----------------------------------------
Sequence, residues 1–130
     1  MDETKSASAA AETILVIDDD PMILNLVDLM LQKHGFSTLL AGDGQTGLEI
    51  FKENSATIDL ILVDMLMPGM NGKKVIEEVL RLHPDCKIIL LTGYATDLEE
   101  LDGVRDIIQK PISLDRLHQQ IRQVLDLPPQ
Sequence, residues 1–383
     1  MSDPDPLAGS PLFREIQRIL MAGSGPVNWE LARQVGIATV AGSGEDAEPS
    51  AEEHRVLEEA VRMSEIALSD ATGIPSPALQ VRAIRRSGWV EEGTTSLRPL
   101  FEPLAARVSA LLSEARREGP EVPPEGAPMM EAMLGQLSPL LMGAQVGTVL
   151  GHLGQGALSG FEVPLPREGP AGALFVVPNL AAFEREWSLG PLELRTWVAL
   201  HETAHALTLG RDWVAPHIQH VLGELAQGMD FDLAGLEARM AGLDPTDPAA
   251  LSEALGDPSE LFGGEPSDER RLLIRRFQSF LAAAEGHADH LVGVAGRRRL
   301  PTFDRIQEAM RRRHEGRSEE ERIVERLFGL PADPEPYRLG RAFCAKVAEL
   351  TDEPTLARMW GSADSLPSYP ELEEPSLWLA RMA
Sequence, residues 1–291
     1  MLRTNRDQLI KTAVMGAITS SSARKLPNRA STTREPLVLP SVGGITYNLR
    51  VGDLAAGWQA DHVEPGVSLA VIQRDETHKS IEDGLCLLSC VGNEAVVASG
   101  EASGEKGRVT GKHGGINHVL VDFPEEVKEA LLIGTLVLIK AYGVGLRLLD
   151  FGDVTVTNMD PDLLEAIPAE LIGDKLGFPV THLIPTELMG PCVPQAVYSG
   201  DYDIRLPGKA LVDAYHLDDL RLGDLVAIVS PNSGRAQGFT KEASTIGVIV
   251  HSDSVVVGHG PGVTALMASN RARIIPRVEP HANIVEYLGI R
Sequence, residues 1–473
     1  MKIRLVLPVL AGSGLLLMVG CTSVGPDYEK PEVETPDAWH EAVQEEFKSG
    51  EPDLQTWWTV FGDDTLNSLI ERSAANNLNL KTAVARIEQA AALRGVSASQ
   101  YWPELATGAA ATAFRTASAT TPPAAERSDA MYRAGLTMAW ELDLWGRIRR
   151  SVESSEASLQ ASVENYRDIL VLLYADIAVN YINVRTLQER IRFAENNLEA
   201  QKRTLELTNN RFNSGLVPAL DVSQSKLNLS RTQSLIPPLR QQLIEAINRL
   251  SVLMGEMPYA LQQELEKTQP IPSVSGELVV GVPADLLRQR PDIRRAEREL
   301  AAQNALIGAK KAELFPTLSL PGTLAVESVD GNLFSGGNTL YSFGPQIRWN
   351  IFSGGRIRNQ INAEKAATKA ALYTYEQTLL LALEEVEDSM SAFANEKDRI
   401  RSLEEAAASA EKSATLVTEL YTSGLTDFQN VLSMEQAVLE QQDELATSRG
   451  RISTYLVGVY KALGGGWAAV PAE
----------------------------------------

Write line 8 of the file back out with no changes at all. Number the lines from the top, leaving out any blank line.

   101  FEPLAARVSA LLSEARREGP EVPPEGAPMM EAMLGQLSPL LMGAQVGTVL